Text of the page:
So this disease my mom has is invading her mind more and more. She swears she locked herself out of her place; she has to find her key; where have all the people gone; who is in her stuff; when am I taking her back to her place….up and down from the couch, looking for her key. Putting hairspray on right before bed, “Because I always spray my hair at night. I spray it off and on throughout the day to save my style.” (And she keeps forgetting her head grows hair in the back, too. Never combs the back, or sprays the back. Just the front).
“Do you like my little guy?” Mom created this out of her mashed potatoes and peas. I told her it was cute and then asked her to eat her food. “Oh no, I could not eat my little guy.” And I almost said, “We don’t play with our food!” like I would have to my kids. Only this is my 88-year-old mom. And she refused to eat it. So I gathered our plates and threw her little guy in the trash. She had wandered off to the bathroom for at least the 10th time since dinner was served, totally forgetting her “little guy.”
And I realized we are no longer communicating. She has this world in her head and it no longer even resembles reality. I asked her to please go to bed, since she was not watching (she was actually sleeping) the program I was watching (Josh Gates is my new favorite, in his/my dream job on Discovery’s “Expedition Unknown.” That is him above. Remind you of anyone? Yeah, he is a total nerd and admits it. Loves Indiana Jones!! LOL!) She said, “Oh, but I am listening and he is just so good,” as she looked up to see what it was I was watching. Ha-Ha. Even Josh’s visiting foreign ports and searching for extraterrestrials could not hold mom’s attention. So, I changed tact. I just started shutting down the house. And after I let the dog out to potty, I started turning lights out and told her we were all going to bed. And she complied, although she had to stop at the bathroom for, I swear, the dozenth time tonight. I tried to get her to put on new Depends, but she got so angry and told me she had already taken care of that and she just wanted to get into bed, because she had a long day and was so exhausted.
Josh Gates has been to, and seen, some of the coolest things, ever. Sometimes he actually finds what his show is about, but most often he just lights up the screen with his enthusiasm for what he is doing. He makes learning about history fun and very exciting. And being a history buff, I just love it!! One of my favorite episodes is when they stop filming because he gets a call from his wife, and she tells him they are expecting their first child. He wept. I wept. It was so beautiful to see a man so overjoyed about becoming a father. The whole circle of life thing. And it brings home to me how singular and isolating, and very self-centered this disease of Alzheimer’s is. My middle son is expecting a baby any minute. Mom has no clue. She has no clue how many kids I have anymore. The other night, as she was literally clawing the walls at 1:30am, trying to “get out of this place. I don’t belong here” my youngest son went in to comfort her. She had no idea who he was. None. Mom is losing the world around her and is focused solely on herself. Tonight when I first suggested going to bed, her response was, “I go to bed when I want to go to bed. I do what I want, when I want.” With a loud “harrumph” at the end. Sigh. Alzheimer’s.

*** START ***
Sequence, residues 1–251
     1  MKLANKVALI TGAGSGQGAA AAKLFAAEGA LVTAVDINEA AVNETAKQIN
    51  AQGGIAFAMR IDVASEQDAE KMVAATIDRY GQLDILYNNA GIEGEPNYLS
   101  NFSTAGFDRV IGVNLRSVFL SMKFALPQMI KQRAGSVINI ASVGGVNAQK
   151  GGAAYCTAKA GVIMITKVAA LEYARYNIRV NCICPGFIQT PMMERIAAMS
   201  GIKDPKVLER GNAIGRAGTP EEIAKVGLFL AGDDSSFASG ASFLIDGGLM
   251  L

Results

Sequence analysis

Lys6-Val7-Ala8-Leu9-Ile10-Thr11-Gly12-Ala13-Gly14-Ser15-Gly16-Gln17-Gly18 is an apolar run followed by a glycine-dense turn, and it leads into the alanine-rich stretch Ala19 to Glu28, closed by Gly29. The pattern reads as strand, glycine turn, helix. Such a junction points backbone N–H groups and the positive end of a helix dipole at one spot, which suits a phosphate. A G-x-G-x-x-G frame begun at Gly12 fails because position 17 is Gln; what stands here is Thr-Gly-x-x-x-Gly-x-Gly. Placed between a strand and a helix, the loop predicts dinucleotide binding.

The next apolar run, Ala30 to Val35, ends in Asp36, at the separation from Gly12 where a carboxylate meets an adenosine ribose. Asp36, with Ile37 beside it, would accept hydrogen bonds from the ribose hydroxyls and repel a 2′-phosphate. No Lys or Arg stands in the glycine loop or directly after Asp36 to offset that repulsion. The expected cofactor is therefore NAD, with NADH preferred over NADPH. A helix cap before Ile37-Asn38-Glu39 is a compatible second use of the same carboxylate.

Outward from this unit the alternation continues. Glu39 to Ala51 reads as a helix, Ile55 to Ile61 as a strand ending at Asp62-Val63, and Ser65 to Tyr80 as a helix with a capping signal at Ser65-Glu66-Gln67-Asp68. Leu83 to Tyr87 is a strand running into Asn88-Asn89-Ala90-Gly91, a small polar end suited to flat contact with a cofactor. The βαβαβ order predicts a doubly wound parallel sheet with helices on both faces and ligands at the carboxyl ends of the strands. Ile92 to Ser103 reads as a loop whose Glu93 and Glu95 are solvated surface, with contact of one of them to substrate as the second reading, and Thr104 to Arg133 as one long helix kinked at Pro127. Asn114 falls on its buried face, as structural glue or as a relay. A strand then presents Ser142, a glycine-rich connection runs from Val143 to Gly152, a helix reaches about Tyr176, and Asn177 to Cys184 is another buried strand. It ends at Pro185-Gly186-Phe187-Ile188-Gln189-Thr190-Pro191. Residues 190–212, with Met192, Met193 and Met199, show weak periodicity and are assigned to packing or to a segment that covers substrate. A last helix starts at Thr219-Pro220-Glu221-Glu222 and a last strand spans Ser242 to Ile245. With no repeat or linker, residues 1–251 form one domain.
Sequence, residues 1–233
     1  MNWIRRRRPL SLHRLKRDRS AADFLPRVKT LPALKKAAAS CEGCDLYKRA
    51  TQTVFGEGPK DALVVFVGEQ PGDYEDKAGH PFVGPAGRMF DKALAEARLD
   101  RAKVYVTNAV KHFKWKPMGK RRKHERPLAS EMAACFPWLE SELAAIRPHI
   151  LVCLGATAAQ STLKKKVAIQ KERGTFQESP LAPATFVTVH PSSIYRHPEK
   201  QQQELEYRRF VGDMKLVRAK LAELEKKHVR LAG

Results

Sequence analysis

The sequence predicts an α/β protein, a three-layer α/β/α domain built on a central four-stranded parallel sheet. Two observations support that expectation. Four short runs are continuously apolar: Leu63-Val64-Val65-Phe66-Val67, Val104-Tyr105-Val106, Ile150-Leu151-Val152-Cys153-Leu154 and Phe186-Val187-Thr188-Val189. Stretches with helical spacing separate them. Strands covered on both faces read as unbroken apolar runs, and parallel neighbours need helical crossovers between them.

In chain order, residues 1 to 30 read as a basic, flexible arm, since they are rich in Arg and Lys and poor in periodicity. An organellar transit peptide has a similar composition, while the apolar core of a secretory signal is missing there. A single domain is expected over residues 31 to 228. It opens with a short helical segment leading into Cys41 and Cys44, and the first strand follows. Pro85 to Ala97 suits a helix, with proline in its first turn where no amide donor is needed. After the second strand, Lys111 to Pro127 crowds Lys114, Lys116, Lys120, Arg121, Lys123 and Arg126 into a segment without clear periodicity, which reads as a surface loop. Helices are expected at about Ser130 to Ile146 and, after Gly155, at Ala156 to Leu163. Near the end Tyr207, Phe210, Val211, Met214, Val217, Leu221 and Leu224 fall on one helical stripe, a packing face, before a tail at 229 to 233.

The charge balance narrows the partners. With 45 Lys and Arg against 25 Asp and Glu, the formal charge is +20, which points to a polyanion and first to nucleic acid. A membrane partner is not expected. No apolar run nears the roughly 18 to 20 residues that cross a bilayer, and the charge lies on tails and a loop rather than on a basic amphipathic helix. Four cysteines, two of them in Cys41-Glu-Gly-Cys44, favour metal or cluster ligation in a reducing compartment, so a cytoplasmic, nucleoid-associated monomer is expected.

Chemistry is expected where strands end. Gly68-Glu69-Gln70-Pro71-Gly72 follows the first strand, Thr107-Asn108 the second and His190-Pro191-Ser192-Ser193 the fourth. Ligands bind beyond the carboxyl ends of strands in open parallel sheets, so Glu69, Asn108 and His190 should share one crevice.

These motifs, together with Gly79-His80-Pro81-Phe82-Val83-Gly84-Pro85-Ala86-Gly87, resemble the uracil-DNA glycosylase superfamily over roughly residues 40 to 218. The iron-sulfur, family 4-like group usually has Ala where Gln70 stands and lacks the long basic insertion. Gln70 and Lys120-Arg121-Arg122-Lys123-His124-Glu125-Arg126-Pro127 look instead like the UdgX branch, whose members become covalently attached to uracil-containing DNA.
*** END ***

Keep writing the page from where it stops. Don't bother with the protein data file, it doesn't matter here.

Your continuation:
I love this quote from Josh because as parents, our goal is to raise kids who want to conquer the world. Even if that world is around the corner, or across distant horizons. And we pray that home is their beacon, and that they always want to return there. That home is an anchor, and they do not become idle wanderers. For mom, sometimes I think she has forgotten “home.” I am constantly telling her she does not live in a “facility,” but in our “home.” She has her own room, in our “home,” and that we are all family, together, in our home. She nods her head, but I know she does not understand. And I realized tonight I believe it is because her home is calling her. New Zealand. Her parents. Familiar sights and sounds, smells and flavors, are calling her. And her home is not with me, in Alaska. And I think she is agitated because she cannot truly settle, because she can’t find home. And I was wondering if that is the final agitation and unrest inherent in all these people suffering from Alzheimer’s. As their brains atrophy, their childhood is what is familiar. Even if they live in the same home they were born in, it will not be home because it is not the same. Their parents, siblings, friends and relatives, are not there with them. They are lost children, adrift in the mystery of Alzheimer’s. And it makes me very, very sad.
We have chosen to move my mom to a memory care facility. And somehow I think that she will be more settled there, because there will be fewer reminders of who she is not, and where she is not. I will visit as her daughter, in the right order of living, and not as her caregiver, cook, laundress, bather, toileting helper – as her daughter. And I somehow think that will provide her with more of an anchor than she has living under the same roof with me. Because I believe that every day, she realizes she cannot do what she thinks she should be doing. I am doing all the things she thinks she should be doing. On some level, she knows that. And I think it adds to her agitation.
Tonight I have come to the conclusion that not all of us can care for loved ones in our homes until their final breath. That we make these “promises of the heart, ” as my care coordinator calls them. And oftentimes the most loving thing we can do, is to change those promises, so all of us can be there, in the best possible way, for the ones we love.
I think I can sleep now. Blessings.